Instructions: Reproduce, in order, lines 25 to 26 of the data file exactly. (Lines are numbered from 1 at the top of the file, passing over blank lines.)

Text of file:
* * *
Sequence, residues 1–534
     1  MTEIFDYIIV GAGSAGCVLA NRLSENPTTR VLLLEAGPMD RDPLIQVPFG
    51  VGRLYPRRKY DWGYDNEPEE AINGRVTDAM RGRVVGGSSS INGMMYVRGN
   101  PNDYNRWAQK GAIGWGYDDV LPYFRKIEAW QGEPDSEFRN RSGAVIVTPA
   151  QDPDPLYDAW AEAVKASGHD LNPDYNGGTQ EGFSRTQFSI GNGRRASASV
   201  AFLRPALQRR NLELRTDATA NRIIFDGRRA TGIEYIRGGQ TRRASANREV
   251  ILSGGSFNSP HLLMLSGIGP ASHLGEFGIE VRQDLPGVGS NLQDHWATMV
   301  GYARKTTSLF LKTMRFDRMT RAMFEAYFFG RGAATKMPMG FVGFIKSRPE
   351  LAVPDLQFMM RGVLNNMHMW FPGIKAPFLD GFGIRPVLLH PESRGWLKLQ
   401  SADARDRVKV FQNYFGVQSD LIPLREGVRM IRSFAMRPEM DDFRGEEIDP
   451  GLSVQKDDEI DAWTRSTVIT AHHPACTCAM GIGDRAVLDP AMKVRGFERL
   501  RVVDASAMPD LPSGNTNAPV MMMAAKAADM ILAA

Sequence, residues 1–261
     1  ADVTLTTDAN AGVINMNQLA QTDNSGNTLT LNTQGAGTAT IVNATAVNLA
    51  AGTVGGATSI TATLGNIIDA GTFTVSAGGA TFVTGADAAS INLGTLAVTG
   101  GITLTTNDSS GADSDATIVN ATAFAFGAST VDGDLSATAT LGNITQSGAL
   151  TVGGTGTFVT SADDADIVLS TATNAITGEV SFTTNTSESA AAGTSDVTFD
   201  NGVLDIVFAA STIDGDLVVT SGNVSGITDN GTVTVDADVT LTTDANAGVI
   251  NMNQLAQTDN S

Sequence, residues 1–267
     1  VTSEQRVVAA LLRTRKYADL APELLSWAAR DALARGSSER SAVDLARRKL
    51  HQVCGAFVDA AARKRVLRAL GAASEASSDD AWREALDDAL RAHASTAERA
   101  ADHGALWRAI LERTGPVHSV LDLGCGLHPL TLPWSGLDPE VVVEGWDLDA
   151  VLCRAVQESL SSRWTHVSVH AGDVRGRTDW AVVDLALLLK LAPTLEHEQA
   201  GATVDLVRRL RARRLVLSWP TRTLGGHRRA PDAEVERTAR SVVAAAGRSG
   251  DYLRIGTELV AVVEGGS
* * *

   201  GATVDLVRRL RARRLVLSWP TRTLGGHRRA PDAEVERTAR SVVAAAGRSG
   251  DYLRIGTELV AVVEGGS